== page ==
Hard Conversations

Last month I took an online course facilitated by Patti Digh and Victor Lee Lewis called “Hard Conversations: Intro to Racism,” because I wanted to learn more about systemic racism in the USA and what I can do to be an ally to people of color. During the course of the learning, we covered a number of topics, starting with basic advice about how to listen deeply, understand that “it’s not about you,” empathy vs sympathy and non-violent communication. We watched the movie “The Color of Fear,” and the documentary, “A Class Divided,” and saw a number of educational YouTube videos by people like Chescaleigh, Kat Blaque and Akilah. We got into upsetting topics like the murder of young Emmett Till, the corruption in Ferguson, redlining in the housing industry, police brutality, and also touched upon Black Lives Matter and various activists in the new civil rights movement. We were reminded to take self-care days, and to grant specificity to the other, lest we fall victim to the danger of a single story.

From what I could gather, the majority of the participants were European Americans like me but there were also people of color present. You can’t fully understand other people’s experiences unless you have a somewhat complete knowledge of yourself, and white people in America tend to ignore their own whiteness, so we also got into discussing things like: what is whiteness? what’s wrong with saying you’re ‘colorblind‘? what are ‘white privilege‘ and ‘white fragility‘?  Additionally, we discussed microaggressionscultural appropriation and biracial identities.

I’ve shared all these links to videos and articles to give you sort of a mini-version of what we learned, and if you have the time to go through the links at your leisure, I highly encourage you to do so. If you’re really into this topic, here are a couple of bonus videos: White Man On White Supremacy & Fear of a Black Nation and A Brief History of White Privilege, Racism and Oppression in America | Legalize Democracy excerpt. And check out Michelle Alexander‘s book (or at least the review for) “The New Jim Crow.”

I’d like to share some of the things I learned which were especially eye opening for me personally:

  1. Racism is subtle. I grew up thinking racists were a small minority of clueless white people who just hadn’t made it past the turn of the 19th century in their thinking. In reality, racism is pervasive in American society, yet you may not be noticing it. And this failure to notice can be more damaging than a KKK march. After all, you can’t fix something unless you can admit it is a problem.  Some examples: You might live in a progressive city and hire minorities at your company, while paying them less than white people for the same work. You might live in a diverse neighborhood, but when you walk by darker skinned people, you automatically pull your purse closer or avoid eye contact with them. You might be working retail and unconsciously spend more time and effort with your pale skinned customers under the assumption that they have more money to spend, while at the same time side-eying your darker skinned customers with the idea that they might be fixing to steal something. And this is just the beginning.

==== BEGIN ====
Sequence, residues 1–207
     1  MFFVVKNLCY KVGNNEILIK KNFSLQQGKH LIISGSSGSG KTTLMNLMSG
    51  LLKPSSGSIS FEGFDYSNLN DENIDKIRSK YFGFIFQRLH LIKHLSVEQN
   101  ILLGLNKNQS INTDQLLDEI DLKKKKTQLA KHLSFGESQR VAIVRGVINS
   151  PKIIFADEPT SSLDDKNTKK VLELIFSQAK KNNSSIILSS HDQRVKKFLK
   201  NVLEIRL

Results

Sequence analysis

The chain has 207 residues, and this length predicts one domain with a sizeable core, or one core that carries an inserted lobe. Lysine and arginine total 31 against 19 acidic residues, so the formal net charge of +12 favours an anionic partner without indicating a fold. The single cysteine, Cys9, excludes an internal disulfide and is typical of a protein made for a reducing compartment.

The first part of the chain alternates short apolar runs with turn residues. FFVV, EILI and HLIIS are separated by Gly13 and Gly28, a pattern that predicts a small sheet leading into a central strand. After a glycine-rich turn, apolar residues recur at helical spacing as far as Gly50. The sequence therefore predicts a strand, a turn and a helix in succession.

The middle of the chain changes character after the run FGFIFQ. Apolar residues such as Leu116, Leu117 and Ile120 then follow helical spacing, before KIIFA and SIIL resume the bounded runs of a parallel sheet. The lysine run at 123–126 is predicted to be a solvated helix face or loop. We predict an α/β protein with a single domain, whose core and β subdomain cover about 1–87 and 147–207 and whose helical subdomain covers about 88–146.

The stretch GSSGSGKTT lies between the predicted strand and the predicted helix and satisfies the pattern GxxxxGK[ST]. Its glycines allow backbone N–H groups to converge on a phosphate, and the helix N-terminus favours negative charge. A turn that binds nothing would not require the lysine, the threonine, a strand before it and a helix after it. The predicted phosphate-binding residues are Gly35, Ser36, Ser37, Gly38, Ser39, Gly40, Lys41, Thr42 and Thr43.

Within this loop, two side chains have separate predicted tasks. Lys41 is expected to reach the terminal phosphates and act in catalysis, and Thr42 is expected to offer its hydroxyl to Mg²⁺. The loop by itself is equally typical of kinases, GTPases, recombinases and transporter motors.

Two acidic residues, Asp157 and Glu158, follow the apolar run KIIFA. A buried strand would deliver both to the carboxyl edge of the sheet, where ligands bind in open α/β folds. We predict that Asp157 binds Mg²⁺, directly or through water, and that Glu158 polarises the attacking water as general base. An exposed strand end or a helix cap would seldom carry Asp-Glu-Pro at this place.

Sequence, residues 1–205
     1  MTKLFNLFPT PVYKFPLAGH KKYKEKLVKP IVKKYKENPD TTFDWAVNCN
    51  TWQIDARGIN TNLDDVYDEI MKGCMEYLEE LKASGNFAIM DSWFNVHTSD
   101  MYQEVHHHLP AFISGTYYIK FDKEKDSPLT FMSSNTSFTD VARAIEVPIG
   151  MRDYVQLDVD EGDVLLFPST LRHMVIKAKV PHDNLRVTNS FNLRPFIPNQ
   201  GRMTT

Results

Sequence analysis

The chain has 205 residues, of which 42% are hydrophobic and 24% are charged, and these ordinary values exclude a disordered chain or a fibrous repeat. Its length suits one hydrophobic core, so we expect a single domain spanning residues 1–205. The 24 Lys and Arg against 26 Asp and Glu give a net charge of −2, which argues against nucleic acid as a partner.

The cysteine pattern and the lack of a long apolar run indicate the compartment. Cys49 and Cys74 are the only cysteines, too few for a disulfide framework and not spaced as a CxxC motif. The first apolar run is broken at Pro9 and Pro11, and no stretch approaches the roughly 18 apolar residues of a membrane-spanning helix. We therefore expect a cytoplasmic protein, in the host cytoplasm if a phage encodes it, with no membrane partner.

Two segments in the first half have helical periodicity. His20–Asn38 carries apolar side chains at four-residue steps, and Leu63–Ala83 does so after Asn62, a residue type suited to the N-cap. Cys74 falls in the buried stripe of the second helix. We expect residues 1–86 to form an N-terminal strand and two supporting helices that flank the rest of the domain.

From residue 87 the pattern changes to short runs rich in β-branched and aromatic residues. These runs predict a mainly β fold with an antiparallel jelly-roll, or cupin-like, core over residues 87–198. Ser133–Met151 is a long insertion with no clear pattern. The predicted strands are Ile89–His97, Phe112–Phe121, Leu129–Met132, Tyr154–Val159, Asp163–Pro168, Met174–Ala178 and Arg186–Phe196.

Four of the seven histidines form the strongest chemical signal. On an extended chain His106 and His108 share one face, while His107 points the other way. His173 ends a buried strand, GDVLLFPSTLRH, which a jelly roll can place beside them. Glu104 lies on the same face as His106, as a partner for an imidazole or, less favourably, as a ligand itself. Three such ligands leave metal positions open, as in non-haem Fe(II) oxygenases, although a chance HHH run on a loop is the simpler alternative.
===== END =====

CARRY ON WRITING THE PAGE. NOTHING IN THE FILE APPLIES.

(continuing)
2. When someone tells you their story about how they were hurt by something that happened to them as a racial minority, it really isn’t helpful to chime in with your own anecdotes about a time when you experienced something that felt like prejudice to you. People don’t feel listened to when you keep bringing the attention back to yourself.
  3. Most people of color are more comfortable talking about race than most white people. Pretending to not see someone’s skin color doesn’t actually help anyone.
  4. I also realized that I have long felt a sense of not really relating to my race or ethnic heritage, and that being able to ignore my race and ethnicity is actually a kind of luxury. No one looks at me, sees my Italian background and jokes about the Mafia, sees my German background and jokes about the Nazis, sees my Russian background and ribs me about the Cold War, sees my British background and makes a crack about the Revolutionary War, or sees my Polish background and jokes about how dumb I must be. My whiteness is considered the “default” so I have the luxury of being able to forget about it. Not so for people of color in America.

Ultimately, the deepest takeaway from this course is the reminder that we are all connected, and if one part of the human race is suffering, then we all are suffering, even if we don’t realize it. And, we all have an obligation to do what we can to help relieve systemic injustices that keep us from being free. In that sense, this understanding fits in well with my Buddhist values.

The course calls itself a “firehose of information” and it was indeed, but I looked forward to each new page of links to articles, videos and audio interviews.  If you would like to sign up for the next session, you can do so here.

 

 

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Something I recently learned about chronic pain